Use as clearly defined and transparent of an RPE scale as you can find or produce. Communicate clearly the issue of RPE from first set to final set, and if athletes should be adjusting weight on each set to hit the RPE target. Consider adding additional qualitative details to your rating scale to provide detail on what constitutes a rep or level of challenge. For example, it is common to begin “double-breathing” on squats, or resting at the bottom of dead-stop deadlifts, as fatigue sets in. This introduces intra-set rest, which extends the duration of a set and increases the amount of weight an athlete can use, compared to a more controlled lifting tempo. This artificially dampens RPE values, and RPE researchers typically use timed repetitions or a metronome in their studies to regulate this variable. In the less controlled environment of real-world training, we may find more success by helping athletes be aware of these strategies, and how to use, avoid, or at least account for them in training. As another example, the RPE chart from the Helms et al. (2018) study includes half steps at RPE 7.5, 8.5, and 9.5, to define situations in which the lifter feels that they could make a slight increase in load, but could not complete an additional entire repetition. This level of detail may be useful in your training context.
Emphasize the importance of honest readiness assessment and adjusting weight based on that feedback. Rowers in particular may need help understanding the value of training at submaximal intensities, due to the nature of the sport and the normal social encouragement to push to maximal effort in training. This is another reason that I am generally against using strength tests in any sort of seat-selection or ranking process. It is common in rowing programs to use bench pull, chin-ups, timed circuits, or other strength tests for maximum weight or maximum reps as a factor in ranking rowers. While strength is correlated to rowing performance, there is so much more than goes into a rower’s ability to move a boat. The unintended consequence of strength tests for ranking is creating the environment of more weight, more reps, and more fatigue, when this is often unproductive or actively counterproductive in many training phases. Rowers achieve maximal effort and find plenty of fatigue on the water or on ergometers. Strength training is an opportunity to develop different skills, different movements, and different kinds of effort than yet more “simulation” (which it isn’t, but that’s a rant for another time) of rowing training under high load and fatigue.
Percentage-based programs can work in certain situations, with certain athletes, and with certain strategies in place by coaches. For example, an effective time for a more structured percentage-based program may be the off-season, when interference from hard rowing training is minimal. Athletes with experience 1RM testing may be more suited to percentage-based programming than athletes who lack experience, and will have inaccurate training numbers based on a flawed rep-max test. The major strategies I’ve found effective with percentage-based programs center around making the math element simple. For example, there are numerous technology solutions and apps available for programming and distribution. A simple Excel document and use of basic formulas can work just fine as well, in which athletes enter their 1RM and let the spreadsheet perform the calculations. We can also include “bar math” in the spreadsheet, with what combinations of available barbells and weight plates athletes should use to achieve the weight on the bar. Putting as much of this on autopilot as possible frees up attention and time to do real coaching.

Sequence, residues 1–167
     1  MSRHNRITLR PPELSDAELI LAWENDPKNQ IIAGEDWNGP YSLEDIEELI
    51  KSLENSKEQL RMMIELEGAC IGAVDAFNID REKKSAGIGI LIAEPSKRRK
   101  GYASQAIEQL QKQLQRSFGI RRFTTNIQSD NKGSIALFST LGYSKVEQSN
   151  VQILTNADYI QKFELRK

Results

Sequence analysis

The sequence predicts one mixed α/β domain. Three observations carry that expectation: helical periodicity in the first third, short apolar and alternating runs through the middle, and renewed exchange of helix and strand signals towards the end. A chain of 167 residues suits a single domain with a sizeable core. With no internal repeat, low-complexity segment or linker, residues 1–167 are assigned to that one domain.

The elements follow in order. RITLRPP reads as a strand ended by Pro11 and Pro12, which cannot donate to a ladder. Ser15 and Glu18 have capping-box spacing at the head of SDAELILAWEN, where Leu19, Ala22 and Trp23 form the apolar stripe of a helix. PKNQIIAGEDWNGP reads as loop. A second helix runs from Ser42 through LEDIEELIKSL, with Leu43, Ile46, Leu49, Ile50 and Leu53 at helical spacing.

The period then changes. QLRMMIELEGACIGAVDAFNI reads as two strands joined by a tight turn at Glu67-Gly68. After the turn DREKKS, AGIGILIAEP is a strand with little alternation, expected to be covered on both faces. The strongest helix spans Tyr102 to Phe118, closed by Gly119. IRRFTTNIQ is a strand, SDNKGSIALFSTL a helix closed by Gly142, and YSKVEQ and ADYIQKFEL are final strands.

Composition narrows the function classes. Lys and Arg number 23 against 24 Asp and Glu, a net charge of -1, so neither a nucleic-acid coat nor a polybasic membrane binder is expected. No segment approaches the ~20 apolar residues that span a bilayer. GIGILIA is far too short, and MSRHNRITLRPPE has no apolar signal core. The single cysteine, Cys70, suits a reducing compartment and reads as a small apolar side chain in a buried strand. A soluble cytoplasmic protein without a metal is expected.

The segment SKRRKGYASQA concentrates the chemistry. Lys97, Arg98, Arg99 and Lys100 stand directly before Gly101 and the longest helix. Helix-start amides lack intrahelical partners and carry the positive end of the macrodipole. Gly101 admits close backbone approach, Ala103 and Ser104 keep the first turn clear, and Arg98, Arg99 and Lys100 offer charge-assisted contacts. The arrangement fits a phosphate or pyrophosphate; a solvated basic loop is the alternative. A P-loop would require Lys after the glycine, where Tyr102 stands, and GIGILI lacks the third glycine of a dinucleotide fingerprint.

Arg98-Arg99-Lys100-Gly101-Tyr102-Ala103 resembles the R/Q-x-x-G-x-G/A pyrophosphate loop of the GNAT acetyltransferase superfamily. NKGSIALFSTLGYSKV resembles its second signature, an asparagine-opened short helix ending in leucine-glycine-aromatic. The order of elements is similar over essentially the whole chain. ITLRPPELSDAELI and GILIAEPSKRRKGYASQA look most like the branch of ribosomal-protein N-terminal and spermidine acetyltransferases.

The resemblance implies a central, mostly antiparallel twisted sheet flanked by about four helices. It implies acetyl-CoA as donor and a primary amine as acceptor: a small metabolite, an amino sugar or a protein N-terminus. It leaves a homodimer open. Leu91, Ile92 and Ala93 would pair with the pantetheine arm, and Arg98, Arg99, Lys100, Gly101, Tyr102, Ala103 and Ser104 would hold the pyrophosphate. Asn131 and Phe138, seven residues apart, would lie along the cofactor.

Coaches of rowers should consider the potential problems of percent-to-rep correlations, even in experienced athletes. Rowers are especially well trained at submaximal endurance, and pushing through muscular pain and fatigue. This may disproportionately improve their repetition performance below 80%1RM, as noted in the Desgorces et al. (2010) article, and similar to the endurance runners in the Richens and Cleather (2014) piece. Coaches using percentage-based programs might consider adjusting the percentages to achieve the goal number of reps. For example, if rowers follow the trend of endurance runners and achieve 20 reps at 80%1RM when a “typical” target at 80% would be 10-12 reps, we might use 85% with rowers and see if that results in outputs closer to 10 reps. If the authors of the percent-to-reps correlation charts are happy “guess-timating,” then you should be too!
We also may consider combining methods. For example, if we programmed “3 sets at 80% to RPE9,” the athlete would do a self-determined number of reps at a given percentage. This achieves the general intensity (%1RM) for an amount of reps based on individual characteristics. If an individual athlete’s reps are considerably above or below a target range, we could then decide if we want to adjust the percentage up or down for the next training session.
Some researchers and coaches are experimenting with integrating wearable technology to provide further quantitative and qualitative data beyond RPE or percent alone. Researchers in one study used velocity-measuring PUSH bands with 20 semi-pro male rugby players, and found that the PUSH+RPE group outperformed the RPE-only group in countermovement jump, squat, and bench press gains over six weeks. Here is a blog by the strength coach of the Dutch National Rowing Team on how he uses the GymAware velocity-based training with the rowers he coaches. There are more opportunities to incorporate and study technological integrations like this, though we can expect science to lag behind practice as new technologies are developed.
Ultimately, the goal of percentage-based or RPE rowing training is to create a system of programming so that athletes are training at appropriate intensities for the phase of training and goal of each exercise and session. Being aware of the advantages, disadvantages, and inherent assumptions of each system can help rowers and coaches choose which system best fits their needs. We can implement strategies to mitigate pitfalls and improve training outcomes, so that rowers can keep getting stronger, moving better, and staying healthy thanks to a solid system of strength training for rowing.